A HOSPITAL trust has introduced a new app designed to monitor babies having to stay on a specialist unit and update parents on their progress.

vCreate, a video and messaging app currently being used by Colchester Hospital, has been keeping families and their newborn babies connected during the coronavirus crisis.

As a result of the pandemic, parents of newborns who have had to be moved to neonatal units have had to deal with a degree of separation.

Jane and Alex Askew’s twins, James and Freddie, were born prematurely at 30 weeks, weighing less than six lbs between them.

After their delivery, which happened via Caesarean section at Ipswich Hospital three days after the national lockdown began, they were transferred to Framlingham Neonatal Unit for two weeks, before being cared for on Colchester Hospital’s Neonatal Unit.

It was here that medical teams identified Freddie was having bowel problems and he had to go to Addenbrooke’s Hospital in Cambridgeshire for more specialist care for nearly two weeks.

Thankfully, the introduction of the app ensured Jane and Alex, from Colchester, could remain in touch with their newborn, despite being 60 miles away.

“It was really good to have the app,” said Jane.

“The nurses would send photos overnight and although you know they would ring if something was wrong, it’s the added reassurance you get and it’s lovely to see a photo.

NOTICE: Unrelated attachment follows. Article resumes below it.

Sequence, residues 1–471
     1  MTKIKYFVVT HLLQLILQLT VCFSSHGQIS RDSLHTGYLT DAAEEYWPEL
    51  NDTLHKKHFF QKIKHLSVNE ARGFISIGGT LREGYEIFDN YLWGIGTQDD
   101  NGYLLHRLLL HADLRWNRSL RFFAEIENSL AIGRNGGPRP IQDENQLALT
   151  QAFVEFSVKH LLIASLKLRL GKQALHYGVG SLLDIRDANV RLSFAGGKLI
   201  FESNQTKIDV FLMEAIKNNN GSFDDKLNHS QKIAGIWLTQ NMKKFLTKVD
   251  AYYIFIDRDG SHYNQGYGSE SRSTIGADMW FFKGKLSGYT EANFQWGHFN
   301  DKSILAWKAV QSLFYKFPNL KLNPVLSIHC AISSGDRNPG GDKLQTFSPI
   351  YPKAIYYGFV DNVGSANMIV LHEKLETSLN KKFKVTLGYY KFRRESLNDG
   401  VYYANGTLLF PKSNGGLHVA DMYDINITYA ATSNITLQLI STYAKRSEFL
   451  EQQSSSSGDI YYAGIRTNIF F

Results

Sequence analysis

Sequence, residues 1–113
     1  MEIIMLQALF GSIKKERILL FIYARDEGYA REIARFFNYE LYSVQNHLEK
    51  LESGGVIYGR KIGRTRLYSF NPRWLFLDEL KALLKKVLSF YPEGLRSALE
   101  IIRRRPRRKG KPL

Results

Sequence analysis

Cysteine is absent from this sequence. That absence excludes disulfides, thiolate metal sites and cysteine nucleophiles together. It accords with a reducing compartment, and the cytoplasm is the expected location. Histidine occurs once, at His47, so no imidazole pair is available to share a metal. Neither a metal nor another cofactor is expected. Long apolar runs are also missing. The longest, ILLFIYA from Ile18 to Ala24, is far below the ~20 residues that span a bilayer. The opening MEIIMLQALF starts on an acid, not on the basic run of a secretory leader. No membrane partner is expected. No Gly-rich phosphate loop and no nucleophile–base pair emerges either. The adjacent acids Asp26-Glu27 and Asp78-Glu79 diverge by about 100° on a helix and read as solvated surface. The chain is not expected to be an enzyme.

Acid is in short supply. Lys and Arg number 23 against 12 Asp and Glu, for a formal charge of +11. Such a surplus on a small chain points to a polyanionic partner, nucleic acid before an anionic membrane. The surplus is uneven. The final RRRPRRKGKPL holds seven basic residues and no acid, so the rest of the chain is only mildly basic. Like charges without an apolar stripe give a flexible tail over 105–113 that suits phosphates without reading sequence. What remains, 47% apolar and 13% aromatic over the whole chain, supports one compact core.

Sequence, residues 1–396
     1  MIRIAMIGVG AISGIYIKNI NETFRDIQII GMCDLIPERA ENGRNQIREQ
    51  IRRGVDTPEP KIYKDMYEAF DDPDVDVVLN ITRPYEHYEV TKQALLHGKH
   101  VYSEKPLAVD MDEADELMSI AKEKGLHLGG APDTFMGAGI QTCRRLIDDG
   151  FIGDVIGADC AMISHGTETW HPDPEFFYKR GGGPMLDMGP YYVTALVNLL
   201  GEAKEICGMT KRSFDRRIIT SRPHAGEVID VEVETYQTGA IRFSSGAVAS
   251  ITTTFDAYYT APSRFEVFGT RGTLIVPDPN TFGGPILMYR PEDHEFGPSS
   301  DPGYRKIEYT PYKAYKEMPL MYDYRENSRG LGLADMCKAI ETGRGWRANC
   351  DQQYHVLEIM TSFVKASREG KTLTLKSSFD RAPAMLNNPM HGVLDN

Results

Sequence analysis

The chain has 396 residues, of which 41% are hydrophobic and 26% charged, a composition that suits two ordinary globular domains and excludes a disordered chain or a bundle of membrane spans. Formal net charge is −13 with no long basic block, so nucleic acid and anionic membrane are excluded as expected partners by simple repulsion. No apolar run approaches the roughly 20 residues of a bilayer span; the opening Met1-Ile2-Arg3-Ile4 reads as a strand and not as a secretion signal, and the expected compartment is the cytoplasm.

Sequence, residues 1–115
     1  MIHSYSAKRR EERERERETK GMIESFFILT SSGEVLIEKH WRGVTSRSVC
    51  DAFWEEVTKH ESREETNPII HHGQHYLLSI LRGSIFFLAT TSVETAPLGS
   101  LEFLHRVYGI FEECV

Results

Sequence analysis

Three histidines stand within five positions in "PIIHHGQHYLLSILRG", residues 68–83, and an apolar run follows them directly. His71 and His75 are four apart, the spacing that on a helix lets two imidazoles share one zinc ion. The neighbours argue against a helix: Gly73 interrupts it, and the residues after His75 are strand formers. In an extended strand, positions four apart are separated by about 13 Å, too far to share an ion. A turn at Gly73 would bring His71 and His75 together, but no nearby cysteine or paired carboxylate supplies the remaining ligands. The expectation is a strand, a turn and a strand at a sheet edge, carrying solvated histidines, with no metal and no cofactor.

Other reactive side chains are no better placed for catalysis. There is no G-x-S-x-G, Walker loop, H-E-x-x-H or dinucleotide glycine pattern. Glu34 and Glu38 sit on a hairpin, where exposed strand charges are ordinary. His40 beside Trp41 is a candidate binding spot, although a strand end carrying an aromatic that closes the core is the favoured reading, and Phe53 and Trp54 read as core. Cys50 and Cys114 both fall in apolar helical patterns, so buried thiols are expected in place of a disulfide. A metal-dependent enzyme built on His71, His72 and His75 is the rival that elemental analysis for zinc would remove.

“Our family and friends enjoyed seeing them too.

“It was particularly good for us because there were a couple of days where we didn’t see either of them, so getting to see the photos of James and the updates was really nice.

“Everyone was so fantastic and looked after them both really well.”

Neonatal ward clerk Tuesday Simpson, who helped to set up vCreate at Colchester Hospital, said the new technology is a game-changer.

“This gives people hope and allows them to make memories as they can save the photos and videos we send them,” she said.

“I think it’s going to make such a difference, especially if it’s not easy for mum or dad to come in.

“It’s more personal and is way to keep them in the loop.”